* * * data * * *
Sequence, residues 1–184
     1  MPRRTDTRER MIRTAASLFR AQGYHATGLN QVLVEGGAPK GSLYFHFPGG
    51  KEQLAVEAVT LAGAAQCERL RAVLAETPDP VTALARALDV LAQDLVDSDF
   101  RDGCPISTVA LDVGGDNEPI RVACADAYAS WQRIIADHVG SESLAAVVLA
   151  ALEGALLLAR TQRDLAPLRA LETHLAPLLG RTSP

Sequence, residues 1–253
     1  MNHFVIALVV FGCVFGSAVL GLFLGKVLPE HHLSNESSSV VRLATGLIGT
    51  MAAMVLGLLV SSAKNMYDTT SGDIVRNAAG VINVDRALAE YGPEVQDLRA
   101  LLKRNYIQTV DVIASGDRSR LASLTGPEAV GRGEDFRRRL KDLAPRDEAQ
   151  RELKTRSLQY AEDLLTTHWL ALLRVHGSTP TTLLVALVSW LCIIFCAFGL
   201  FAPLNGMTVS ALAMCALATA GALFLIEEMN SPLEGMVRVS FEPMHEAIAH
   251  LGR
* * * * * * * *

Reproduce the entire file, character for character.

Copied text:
Sequence, residues 1–184
     1  MPRRTDTRER MIRTAASLFR AQGYHATGLN QVLVEGGAPK GSLYFHFPGG
    51  KEQLAVEAVT LAGAAQCERL RAVLAETPDP VTALARALDV LAQDLVDSDF
   101  RDGCPISTVA LDVGGDNEPI RVACADAYAS WQRIIADHVG SESLAAVVLA
   151  ALEGALLLAR TQRDLAPLRA LETHLAPLLG RTSP

Sequence, residues 1–253
     1  MNHFVIALVV FGCVFGSAVL GLFLGKVLPE HHLSNESSSV VRLATGLIGT
    51  MAAMVLGLLV SSAKNMYDTT SGDIVRNAAG VINVDRALAE YGPEVQDLRA
   101  LLKRNYIQTV DVIASGDRSR LASLTGPEAV GRGEDFRRRL KDLAPRDEAQ
   151  RELKTRSLQY AEDLLTTHWL ALLRVHGSTP TTLLVALVSW LCIIFCAFGL
   201  FAPLNGMTVS ALAMCALATA GALFLIEEMN SPLEGMVRVS FEPMHEAIAH
   251  LGR